A second unregulated entity has emerged as being allowed to employ solicitors to sell legal services. Online legal business Rocket Lawyer confirmed to the Gazette that it received a waiver last year for its solicitors to provide services to customers in England and Wales.
The company has long been regarded as at the forefront of the changing legal market in the UK, after starting in the USA. It creates digital legal documents and assigns work to a panel of dozens of lawyers when the work is too complex to handle online.
Rocket Lawyer has taken advantage of the Solicitors Regulation Authority granting a so-called ‘safe space’ for legal businesses to innovate. Permitting an unregulated firm to employ regulated solicitors is controversial as a scheme, which was subject to consultation last year, and is not likely to be written into SRA rules until next year.
Mark Edwards, vice president and general manager of Rocket Lawyer UK, said customers who wanted more than automated contracts could previously either consult a Rocket Lawyer paralegal or an on-call lawyer from the network. ‘Now with the waiver we have a middle option: Rocket Lawyer solicitors can provide legal advice for the more standard legal issues,’ he said. ‘This will allow us to provide a better customer experience and to bring the price down, to some extent, so that we can further fulfil on our mission to make the law affordable and simple.’
Edwards said the company intends to hire half a dozen solicitors and consultants this year to help small business customers with commercial issues such as shareholder agreements, terms & conditions, service agreements and data protection compliance.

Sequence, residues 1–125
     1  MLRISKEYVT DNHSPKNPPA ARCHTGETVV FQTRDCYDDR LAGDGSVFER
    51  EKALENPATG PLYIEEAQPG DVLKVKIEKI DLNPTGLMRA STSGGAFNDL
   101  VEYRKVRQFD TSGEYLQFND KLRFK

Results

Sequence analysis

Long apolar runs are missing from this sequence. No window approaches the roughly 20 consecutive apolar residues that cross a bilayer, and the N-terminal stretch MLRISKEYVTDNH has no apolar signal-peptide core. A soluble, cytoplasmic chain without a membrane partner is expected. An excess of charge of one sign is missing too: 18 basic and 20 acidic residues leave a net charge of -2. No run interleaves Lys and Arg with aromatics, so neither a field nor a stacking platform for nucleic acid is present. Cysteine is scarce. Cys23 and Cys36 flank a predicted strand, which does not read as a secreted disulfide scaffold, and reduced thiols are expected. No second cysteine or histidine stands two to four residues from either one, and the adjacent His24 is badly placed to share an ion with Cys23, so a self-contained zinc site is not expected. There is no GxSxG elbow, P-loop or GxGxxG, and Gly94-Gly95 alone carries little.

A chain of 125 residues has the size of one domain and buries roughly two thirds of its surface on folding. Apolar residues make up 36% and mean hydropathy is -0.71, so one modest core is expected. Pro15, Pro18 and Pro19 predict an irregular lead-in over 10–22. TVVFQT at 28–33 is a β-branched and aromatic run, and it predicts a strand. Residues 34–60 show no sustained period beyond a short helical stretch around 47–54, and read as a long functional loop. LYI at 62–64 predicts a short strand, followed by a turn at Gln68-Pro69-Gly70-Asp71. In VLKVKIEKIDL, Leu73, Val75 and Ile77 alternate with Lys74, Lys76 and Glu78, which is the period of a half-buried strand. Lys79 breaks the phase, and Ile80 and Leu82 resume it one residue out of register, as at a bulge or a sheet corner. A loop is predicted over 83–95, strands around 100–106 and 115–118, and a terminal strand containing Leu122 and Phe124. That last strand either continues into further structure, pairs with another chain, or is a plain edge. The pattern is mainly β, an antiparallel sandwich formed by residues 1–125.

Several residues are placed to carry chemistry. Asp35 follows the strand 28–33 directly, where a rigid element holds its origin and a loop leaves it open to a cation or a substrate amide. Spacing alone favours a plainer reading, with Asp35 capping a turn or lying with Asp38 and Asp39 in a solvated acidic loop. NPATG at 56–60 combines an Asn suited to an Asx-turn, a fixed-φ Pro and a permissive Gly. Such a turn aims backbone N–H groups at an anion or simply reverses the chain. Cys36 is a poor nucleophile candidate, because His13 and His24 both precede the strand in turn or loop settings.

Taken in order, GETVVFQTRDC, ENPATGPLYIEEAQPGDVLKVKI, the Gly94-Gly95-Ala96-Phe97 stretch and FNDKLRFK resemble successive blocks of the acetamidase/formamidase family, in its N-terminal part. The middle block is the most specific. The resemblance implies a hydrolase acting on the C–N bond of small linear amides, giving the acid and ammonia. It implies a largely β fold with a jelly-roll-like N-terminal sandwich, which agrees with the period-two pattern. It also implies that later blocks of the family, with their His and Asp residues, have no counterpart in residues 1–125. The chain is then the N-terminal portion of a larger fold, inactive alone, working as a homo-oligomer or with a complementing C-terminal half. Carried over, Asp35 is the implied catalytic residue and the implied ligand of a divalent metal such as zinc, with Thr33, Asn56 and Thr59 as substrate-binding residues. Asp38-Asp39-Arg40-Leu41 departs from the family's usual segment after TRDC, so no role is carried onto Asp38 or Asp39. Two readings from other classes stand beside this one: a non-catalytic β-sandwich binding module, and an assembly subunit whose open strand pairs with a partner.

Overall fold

The SRA waiver policy is not new but the commitment to increasing its scope was made clear earlier this year. The regulator has said it will publish waivers to make sure the process is fair and transparent and will compile an annual innovation report to make sure decisions are being made consistently. But the SRA appears not to be willing to publish details of each waiver, without the permission of the applicant.
It insists the ‘safe space’ was intended to be for all potential applicants, be they existing firms or new entrants to the market. It had been assumed in some quarters the policy was supposed to be for existing firms to help them compete with those coming into the sector.
The policy of allowing solicitors to provide legal services through unregulated providers has been opposed by the Law Society, which has questioned what redress and protection is available to consumers and what information they are being told about the status of the provider.